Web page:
3 years

Afterthought

A Vacuous Protest

A Vacuous Protest
Page 1 of 1

The unreasonable demands of farmers need to be rejected

PROTESTS BY FARMERS in India are nothing new. Before Independence, these were portrayed as a fight against injustice meted out by the colonial regime. After 1947, this state of affairs continued and new claims about ‘injustice’ began to surface. This happened even after the Government removed the most debilitating measures of the colonial period, like land taxation, and took positive steps like providing farm inputs at low cost. If that were not enough, assured marketing schemes for crops were introduced later. A hundred years ago, all this was unthinkable.

State support for agriculturalists is not enough, apparently, never has been, and never will be. On Gandhi Jayanti, October 2nd, farmers marching to the capital from Uttar Pradesh—notorious from the days of Mahendra Singh Tikait’s vast rallies here—were stopped at Delhi’s border near Ghaziabad before they had a chance to make a nuisance of themselves. A harried Union Government sent Home Minister Rajnath Singh to hold discussions with their leaders. Of the 11 demands in their charter, seven were agreed upon, while the other four were kept aside for deliberation since they implied a financial burden.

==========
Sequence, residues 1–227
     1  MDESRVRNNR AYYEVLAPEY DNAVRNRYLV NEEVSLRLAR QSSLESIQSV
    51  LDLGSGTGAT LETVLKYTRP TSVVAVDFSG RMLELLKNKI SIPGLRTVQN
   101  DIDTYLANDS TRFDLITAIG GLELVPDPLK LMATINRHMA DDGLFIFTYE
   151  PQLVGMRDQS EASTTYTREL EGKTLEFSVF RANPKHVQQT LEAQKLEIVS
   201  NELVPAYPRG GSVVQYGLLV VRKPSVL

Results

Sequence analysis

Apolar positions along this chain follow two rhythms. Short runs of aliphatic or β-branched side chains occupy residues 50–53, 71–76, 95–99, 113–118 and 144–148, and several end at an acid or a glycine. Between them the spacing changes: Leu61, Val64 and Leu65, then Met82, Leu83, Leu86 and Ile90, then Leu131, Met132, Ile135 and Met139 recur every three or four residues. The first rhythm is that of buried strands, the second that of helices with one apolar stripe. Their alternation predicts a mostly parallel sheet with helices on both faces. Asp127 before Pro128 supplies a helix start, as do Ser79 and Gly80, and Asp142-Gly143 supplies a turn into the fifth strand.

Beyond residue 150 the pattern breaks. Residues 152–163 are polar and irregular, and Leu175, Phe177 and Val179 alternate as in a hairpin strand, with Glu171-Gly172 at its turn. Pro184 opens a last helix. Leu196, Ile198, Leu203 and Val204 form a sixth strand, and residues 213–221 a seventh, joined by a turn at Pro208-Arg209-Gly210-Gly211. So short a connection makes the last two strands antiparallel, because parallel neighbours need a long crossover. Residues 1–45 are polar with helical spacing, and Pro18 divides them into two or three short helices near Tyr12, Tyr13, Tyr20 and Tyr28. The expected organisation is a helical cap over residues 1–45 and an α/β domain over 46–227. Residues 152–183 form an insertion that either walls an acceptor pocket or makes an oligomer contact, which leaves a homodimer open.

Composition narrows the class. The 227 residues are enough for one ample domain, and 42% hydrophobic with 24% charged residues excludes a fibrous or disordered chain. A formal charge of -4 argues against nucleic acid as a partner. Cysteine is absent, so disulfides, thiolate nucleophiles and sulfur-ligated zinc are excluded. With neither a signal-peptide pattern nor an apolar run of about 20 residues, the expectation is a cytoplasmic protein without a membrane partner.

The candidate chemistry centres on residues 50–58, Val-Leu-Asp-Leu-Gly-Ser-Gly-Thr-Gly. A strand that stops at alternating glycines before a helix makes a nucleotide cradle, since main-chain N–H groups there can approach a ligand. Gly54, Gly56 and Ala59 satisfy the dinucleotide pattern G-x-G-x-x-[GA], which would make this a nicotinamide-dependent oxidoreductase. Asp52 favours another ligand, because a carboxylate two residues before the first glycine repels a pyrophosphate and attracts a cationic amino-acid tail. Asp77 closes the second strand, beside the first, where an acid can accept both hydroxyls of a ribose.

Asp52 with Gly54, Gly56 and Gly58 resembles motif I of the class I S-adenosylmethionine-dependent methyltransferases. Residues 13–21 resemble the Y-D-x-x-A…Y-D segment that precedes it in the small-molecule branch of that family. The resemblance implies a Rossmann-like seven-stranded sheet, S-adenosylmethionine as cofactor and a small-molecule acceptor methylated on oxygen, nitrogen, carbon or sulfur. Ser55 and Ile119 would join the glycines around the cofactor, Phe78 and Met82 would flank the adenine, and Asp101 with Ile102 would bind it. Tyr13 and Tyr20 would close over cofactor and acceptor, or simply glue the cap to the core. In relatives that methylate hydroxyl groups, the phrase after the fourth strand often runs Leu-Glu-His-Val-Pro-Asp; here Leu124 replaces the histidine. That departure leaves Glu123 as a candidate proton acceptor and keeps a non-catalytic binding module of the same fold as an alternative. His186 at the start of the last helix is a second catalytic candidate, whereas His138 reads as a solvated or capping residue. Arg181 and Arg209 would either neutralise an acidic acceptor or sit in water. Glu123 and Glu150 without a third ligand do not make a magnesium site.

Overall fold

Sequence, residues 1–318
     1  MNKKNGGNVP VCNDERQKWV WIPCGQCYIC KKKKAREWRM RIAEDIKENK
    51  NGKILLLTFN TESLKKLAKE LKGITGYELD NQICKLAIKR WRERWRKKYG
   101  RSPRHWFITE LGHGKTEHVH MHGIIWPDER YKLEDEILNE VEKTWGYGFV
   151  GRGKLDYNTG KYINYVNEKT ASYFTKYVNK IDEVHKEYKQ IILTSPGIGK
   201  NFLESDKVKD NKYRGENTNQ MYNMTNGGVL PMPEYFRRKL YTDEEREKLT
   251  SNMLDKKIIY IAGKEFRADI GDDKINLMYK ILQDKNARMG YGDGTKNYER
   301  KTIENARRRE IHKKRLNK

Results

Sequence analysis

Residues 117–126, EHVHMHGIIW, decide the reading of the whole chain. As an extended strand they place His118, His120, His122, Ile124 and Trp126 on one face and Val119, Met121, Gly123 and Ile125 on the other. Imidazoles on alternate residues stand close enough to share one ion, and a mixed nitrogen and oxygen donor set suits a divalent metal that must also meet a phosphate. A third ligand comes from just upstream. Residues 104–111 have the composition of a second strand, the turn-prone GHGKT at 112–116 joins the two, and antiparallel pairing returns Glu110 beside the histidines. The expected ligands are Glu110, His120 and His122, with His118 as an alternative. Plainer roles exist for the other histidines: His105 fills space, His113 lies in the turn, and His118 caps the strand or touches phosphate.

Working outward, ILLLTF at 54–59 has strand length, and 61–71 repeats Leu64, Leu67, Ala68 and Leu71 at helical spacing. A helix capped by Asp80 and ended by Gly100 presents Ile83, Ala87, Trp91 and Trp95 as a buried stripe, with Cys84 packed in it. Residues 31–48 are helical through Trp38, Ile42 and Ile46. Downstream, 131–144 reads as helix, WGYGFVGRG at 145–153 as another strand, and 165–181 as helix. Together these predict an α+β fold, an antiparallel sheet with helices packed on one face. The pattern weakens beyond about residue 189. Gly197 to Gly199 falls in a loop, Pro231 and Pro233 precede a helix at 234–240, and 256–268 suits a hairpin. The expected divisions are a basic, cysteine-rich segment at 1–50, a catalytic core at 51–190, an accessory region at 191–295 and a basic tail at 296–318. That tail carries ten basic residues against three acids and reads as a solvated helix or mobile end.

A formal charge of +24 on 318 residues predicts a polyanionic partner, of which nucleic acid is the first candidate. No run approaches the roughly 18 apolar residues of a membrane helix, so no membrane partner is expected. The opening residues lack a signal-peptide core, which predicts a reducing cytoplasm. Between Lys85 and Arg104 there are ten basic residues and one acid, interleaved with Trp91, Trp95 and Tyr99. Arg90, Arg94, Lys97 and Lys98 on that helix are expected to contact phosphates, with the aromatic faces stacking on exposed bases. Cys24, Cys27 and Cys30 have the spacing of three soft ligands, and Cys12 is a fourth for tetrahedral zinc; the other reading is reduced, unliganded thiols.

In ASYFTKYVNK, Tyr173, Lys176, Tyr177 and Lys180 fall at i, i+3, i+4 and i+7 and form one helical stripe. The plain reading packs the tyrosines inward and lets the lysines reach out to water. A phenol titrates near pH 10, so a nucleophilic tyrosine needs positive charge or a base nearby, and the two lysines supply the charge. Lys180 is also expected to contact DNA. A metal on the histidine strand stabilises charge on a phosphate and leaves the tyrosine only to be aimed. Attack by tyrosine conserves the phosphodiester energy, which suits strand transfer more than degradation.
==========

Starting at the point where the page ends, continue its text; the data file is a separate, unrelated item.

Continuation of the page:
It is surprising to note that among the demands put forward, there is one for the waiver of loans taken by farmers. Just a year earlier, UP’s Yogi Adityanath government had nullified loans to the tune of Rs 36,000 crore. Yet, these farmers are back for more. It is obvious that they don’t understand that loans are not ‘public goods’ that can be demanded and then be written off at their pleasure. Last year, when a number of state governments cleared the debt slate with a flick of the pen, many observers cautioned that a major problem was in the offing: once written off, more would be demanded soon. That day appears to have arrived, given the sight of those unruly farmers and a harried police force trying to keep them in check.

Then there is the myth of the so-called ‘Swaminathan Formula’, something that activists have painted as a silver bullet for farmers. It is not. No government in India of any political complexion can commit all the resources at its disposal to keep farmers happy in terms of low input costs and ever-rising output prices. That could result in ballooning fiscal deficits and runaway inflation, which would compound the problems of the economy at a time it cannot afford any such thing.